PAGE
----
On top of that, of course, is the multi-channeled love triangle, though it's something far more complex and powerful than the typical teenage love story. Tessa is ostensibly the one with the choice between the two boys, but the bonds that bind them (of friendship and love, of course, but also guilt and desperation) go so far beyond simple friendship that one almost wonders if either will be willing to forsake the other for his ladylove at the end of the series. There is Will, the brash, dashing young Shadowhunter whose devil-may-care attitude and surly exterior hide a heavy secret and a good heart that only manifests itself when he interacts with his friend Jem. Jem is the other end of the spectrum--gentle-eyed, sincere, violin-playing and soft-spoken, he is as much of a warrior as Will, but a horrible episode in his past has left him with an ailment that is slowly killing him.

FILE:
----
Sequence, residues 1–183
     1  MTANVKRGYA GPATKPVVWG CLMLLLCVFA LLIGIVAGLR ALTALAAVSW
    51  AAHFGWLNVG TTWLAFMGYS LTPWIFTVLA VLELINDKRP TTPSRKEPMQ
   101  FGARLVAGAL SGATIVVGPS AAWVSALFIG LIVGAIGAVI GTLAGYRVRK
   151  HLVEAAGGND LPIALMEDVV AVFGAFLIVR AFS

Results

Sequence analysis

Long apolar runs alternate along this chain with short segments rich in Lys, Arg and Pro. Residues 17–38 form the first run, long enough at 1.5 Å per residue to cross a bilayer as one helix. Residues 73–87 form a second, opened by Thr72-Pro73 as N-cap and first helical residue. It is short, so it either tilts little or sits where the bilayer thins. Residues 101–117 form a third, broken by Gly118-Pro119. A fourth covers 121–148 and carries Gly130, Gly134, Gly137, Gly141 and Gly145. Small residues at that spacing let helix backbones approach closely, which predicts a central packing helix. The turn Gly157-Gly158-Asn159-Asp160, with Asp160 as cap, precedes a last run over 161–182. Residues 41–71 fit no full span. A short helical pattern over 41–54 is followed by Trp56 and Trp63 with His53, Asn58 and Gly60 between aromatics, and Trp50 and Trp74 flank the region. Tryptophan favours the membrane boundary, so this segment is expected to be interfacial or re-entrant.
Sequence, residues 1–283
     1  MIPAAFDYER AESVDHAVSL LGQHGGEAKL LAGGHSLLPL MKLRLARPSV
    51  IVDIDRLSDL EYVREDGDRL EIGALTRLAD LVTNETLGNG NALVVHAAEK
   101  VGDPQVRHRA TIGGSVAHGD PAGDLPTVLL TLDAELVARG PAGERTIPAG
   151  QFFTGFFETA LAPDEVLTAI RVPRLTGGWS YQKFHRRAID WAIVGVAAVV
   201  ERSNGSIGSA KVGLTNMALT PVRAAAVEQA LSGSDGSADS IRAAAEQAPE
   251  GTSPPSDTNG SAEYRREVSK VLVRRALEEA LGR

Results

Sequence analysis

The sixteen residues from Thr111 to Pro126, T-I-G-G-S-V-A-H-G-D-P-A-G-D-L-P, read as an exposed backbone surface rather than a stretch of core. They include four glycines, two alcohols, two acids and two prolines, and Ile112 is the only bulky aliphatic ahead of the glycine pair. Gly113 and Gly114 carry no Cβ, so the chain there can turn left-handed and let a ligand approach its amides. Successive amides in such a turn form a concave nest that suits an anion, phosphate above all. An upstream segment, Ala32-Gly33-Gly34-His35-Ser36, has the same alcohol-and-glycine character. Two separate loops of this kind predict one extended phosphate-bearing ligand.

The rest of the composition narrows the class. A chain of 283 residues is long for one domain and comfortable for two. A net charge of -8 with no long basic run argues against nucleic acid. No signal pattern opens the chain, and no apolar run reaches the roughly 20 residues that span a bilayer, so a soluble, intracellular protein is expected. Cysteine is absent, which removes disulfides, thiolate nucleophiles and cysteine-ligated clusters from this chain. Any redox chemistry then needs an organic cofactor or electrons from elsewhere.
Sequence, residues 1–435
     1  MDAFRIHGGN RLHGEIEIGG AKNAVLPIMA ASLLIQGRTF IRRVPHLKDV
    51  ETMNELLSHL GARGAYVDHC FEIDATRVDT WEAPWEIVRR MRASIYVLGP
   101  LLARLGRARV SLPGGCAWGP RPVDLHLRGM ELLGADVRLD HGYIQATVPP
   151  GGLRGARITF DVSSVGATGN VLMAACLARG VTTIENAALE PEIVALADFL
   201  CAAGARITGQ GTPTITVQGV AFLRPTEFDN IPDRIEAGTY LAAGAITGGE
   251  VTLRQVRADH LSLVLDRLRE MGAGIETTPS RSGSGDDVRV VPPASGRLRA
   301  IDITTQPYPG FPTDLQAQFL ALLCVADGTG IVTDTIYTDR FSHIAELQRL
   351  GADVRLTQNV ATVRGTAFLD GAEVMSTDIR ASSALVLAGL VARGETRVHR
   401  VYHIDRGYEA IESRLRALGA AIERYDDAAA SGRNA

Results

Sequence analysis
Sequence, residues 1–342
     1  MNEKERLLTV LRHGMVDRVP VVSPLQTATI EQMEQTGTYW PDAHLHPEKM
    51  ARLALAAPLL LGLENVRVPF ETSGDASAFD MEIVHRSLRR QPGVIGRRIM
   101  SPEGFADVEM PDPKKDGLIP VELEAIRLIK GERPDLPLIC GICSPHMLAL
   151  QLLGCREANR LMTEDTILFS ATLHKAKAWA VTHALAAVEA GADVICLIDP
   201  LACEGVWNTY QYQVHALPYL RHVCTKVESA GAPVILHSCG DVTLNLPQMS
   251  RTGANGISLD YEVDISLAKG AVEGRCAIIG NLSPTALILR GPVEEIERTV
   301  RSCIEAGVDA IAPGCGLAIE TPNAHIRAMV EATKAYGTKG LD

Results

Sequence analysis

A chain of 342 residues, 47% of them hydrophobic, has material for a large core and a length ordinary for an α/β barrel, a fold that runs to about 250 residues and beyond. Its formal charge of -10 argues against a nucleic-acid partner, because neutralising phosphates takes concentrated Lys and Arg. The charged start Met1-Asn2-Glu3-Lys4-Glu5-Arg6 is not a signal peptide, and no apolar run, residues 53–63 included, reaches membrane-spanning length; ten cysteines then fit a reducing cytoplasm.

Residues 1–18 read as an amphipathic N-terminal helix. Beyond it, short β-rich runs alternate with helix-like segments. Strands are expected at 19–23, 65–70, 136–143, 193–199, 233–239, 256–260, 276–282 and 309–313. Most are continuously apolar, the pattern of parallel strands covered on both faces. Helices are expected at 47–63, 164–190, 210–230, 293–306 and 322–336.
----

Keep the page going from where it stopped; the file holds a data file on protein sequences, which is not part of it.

Their friendship and their very different but believable reasons for loving Tessa--in fact, all the bonds and relationships in this book, have layer upon layer to them--it really amazes me. You certainly won't be getting that "love tunnel vision" silliness that you find in a lot of YA/shoujo works (*cough*Fushigi Yugi*cough*Twilight*cough*). Even the more peripheral characters and relationships are rich with layers and old/evolving emotion; you can feel how long certain struggles (Henry and Charlotte--wow!) and unrequited loves have gone on (poor Thomas and Sophie). Even our little glimpse of Magnus in the 19th century and his current sugar mama vampiress, Camille, is rich enough that just that tiny glimpse gives you a portrait of where Magnus is emotionally in his long journey through time (toward Alec ;D).